Reagle's Work Style

This version:
Joseph Reagle <reagle@w3.org>
Dan Connolly, Ian Jacobs

This is a description of my work style, very much influenced by working at the W3C -- though sometimes I slip up.

  1. Management and process should be tools for the worker, not a hindrance. Management should set goals, clear the path, and provide the resources to get the job done. Process should be collected experience/wisdom instead of arbitrary rules.
  2. I document my expectations, dependencies and requirements, and I try to extract clear comitments from others. I've probably read your email, and I try to frequently refer to your Web pages, but I'm not reading your mind. Make sure your pages say what you mean and get an affirmative response or commitment from me if you want to be sure I understand.
  3. I frequently refer to resources (web pages or email archives) when I wish to discuss specifications, policies, expectations, discussions, and agreements. I prefer specific references and citations over unsubstantiated claims and hand-waving. While this is a habit that takes some time to implement efficiently, it also saves the reader time by requiring precision by the author, saves everyone time by reducing ambiguity, and even saves the author time by reducing redundancy: once something is written, it need not be written again. References and citation by myself should not be interpreted as aggressiveness or defensiveness, but completeness.
  4. I take and give action items; action items have an action, name, and completion date.
  5. A commitment is an agreement by an entity that is accountable. As stated, an action item commitment is associated with a name, not "someone" (never gets done) or "one of them" (not very fair to the other people and decreases the likelihood of the action).
  6. I work to meet my commitments, if I can't I will say so as soon as I know. Not being able to do something is fine, just say so. Then one can re-prioritize, re-negotiate, or re-assign that commitment. Letting something go to completion date and fail is bad; it could've been discussed but now all dependencies are thrown off.
  7. All topics, issues, resources and chains of command should have a single owner: a point of contact and accountability. That is not to say one can't delegate subsequent tasks.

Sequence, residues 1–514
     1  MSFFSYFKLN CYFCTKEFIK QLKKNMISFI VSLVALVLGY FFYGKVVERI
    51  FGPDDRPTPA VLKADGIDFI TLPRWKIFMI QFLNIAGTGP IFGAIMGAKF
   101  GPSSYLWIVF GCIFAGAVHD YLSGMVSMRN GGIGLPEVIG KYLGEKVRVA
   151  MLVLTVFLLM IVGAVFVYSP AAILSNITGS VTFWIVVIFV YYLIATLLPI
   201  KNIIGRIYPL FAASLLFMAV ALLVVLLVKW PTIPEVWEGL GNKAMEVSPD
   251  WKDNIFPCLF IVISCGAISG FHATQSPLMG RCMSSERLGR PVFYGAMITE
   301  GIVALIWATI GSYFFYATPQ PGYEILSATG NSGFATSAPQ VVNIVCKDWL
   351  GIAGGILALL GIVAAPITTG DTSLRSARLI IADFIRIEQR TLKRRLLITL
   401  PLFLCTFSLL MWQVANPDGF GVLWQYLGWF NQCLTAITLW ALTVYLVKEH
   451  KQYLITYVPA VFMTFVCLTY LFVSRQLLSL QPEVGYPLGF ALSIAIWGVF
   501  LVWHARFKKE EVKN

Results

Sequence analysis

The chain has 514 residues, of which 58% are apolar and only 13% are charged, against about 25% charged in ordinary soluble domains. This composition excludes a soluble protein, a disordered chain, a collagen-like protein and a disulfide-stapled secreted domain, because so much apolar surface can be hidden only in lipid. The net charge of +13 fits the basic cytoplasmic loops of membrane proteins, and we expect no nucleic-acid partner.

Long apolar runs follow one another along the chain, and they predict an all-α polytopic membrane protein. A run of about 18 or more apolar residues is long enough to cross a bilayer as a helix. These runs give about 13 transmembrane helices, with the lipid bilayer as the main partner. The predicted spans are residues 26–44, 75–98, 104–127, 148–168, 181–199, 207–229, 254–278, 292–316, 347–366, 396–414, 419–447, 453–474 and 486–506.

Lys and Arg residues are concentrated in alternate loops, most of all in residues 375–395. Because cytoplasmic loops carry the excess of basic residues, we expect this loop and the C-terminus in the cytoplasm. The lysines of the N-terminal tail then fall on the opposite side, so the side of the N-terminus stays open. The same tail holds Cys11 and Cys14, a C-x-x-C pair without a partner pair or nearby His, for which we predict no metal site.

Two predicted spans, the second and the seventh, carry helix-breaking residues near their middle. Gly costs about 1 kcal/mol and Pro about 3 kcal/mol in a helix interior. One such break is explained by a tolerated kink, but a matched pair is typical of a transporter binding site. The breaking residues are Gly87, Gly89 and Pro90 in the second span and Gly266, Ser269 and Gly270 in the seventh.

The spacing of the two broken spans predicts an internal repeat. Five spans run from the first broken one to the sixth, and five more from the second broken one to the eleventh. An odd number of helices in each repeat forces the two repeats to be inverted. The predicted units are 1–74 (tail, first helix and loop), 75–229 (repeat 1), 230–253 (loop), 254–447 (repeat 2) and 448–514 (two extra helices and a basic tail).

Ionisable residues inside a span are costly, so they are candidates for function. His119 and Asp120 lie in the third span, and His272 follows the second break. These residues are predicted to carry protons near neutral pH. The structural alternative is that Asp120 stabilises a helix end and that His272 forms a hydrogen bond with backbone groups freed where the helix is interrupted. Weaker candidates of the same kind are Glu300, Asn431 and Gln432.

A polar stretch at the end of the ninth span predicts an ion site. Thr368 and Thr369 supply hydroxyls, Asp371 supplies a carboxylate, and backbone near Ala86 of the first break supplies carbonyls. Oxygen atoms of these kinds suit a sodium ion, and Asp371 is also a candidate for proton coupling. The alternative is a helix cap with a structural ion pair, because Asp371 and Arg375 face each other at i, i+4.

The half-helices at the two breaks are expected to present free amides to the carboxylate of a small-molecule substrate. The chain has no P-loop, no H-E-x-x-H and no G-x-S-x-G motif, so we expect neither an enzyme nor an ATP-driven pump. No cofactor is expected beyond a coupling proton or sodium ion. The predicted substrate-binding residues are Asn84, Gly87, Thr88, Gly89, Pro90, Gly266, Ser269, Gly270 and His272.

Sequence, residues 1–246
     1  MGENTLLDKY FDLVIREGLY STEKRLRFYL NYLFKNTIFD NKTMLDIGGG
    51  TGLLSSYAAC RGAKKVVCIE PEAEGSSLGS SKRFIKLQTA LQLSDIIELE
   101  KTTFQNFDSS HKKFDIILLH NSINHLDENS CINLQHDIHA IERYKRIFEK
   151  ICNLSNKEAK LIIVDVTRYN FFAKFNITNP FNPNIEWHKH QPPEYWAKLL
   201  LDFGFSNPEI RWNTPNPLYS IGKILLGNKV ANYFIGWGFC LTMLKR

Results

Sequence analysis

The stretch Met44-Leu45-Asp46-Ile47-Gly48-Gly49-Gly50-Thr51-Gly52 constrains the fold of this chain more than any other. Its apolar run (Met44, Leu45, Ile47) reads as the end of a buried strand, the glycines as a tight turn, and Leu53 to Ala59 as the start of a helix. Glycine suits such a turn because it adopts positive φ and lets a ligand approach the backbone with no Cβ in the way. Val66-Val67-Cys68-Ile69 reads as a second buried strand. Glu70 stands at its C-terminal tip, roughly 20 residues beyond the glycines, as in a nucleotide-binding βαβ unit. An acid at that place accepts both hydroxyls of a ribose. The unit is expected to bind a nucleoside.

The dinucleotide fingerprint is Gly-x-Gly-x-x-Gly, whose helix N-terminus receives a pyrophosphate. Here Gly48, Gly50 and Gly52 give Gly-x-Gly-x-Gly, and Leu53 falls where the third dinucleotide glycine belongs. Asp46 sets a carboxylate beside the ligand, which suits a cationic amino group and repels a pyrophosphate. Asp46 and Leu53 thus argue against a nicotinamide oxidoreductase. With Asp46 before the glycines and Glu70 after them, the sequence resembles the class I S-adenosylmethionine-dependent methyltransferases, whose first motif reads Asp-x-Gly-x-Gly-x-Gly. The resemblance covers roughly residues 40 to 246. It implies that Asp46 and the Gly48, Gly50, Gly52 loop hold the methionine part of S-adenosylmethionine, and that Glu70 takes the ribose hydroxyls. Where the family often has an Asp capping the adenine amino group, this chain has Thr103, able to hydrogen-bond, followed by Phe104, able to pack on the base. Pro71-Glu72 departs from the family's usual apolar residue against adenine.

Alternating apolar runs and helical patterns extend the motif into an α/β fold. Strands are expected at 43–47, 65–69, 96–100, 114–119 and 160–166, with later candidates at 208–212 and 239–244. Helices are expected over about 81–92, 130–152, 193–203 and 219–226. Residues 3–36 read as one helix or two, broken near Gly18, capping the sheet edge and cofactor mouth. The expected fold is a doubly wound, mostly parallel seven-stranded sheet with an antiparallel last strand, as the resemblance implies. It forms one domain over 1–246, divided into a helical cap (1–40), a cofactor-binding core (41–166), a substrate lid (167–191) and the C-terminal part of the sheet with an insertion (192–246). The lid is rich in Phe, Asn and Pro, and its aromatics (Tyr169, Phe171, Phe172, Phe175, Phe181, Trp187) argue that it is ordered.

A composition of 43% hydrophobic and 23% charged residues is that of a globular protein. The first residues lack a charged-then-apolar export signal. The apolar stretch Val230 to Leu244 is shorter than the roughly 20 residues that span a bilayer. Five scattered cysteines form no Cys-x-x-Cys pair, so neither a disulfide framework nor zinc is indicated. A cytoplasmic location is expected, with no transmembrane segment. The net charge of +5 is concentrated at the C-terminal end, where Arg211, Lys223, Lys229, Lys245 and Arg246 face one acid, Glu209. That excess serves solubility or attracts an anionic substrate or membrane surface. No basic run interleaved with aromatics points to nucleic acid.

8. When coming to a group decision, I aim for rough consensus. I try to achieve consensus through discussion (structured by good mediation) and then polling the group for some formulation of the policy that is agreeable. Asking the right question of the group can be difficult, but part of coming to consensus is discovering the right question to ask.
  9. While I believe consensus is important, sometimes it can't be readily achieved. Then, I believe the owner of an issue has the final say, they ultimately get the credit or blame (though everybody who contributes deserves a share of the credit and responsibility). If I can't do it, I will get out of the way. This is not to say I think others will do a bad job. If I disagree with someone else who is more knowledgeable and motivated, I will offer my input and let them succeed on their own terms.
  10. I feel responsible for decisions to which I made a contribution (either I own the issue or was part of reaching consensus). I don't like to do things that I disagree with or don't understand.
  11. If I don't understand what you mean, show me what you mean. If I can't explain my position I will provide a proposal, example,or solution that shows what I mean.
  12. Practice is improved by writing a policy/proposal and then discussing, implementing, and amending it based on discussion and experience. Even if the original policy is lame, by writing it down and normatively referring to it, one encourages improvement since others will then be able to propose improvements. Frequently, practices are not documented by their immediate users since they know what works for them. When they interact with others, this is a good time to write up the best practices so others can understand and suggest improvements.
  13. I endeavor to always be open to constructive criticism and suggestion, but I can get frustrated if things aren't jiving with my work style.
  14. And lastly — and frankly — I try to avoid work. We all have too much to do, but I believe in maxims like, "do one thing and do it well," or "make commitments one can keep, and keep the commitments one makes." Over comittment and burn-out help no one, particularly one's self. Following this work style helps me avoid that, and it can help you too.

While I think many of these points are laudable I don't believe this is the only acceptable work style. However, I've documented my expectations and if we differ I apply these principles meta-recursively: we need to negotiate as to how to best work together! ;-)


Last Edited by reagle@w3.org on  #Date: 1999/05/12 18:09:51#